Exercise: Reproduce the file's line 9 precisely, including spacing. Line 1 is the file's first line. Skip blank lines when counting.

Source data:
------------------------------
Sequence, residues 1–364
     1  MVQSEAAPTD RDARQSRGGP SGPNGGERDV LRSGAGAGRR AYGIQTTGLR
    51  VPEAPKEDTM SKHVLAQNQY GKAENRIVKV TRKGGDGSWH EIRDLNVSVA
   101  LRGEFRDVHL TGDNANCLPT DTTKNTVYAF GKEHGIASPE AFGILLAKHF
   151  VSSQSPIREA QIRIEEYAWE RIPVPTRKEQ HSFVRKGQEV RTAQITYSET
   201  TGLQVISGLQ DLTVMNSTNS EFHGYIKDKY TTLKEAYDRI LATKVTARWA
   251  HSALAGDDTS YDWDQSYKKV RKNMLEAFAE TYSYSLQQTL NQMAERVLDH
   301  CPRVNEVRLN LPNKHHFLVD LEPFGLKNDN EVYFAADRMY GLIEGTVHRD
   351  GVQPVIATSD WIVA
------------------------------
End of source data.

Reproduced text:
   351  GVQPVIATSD WIVA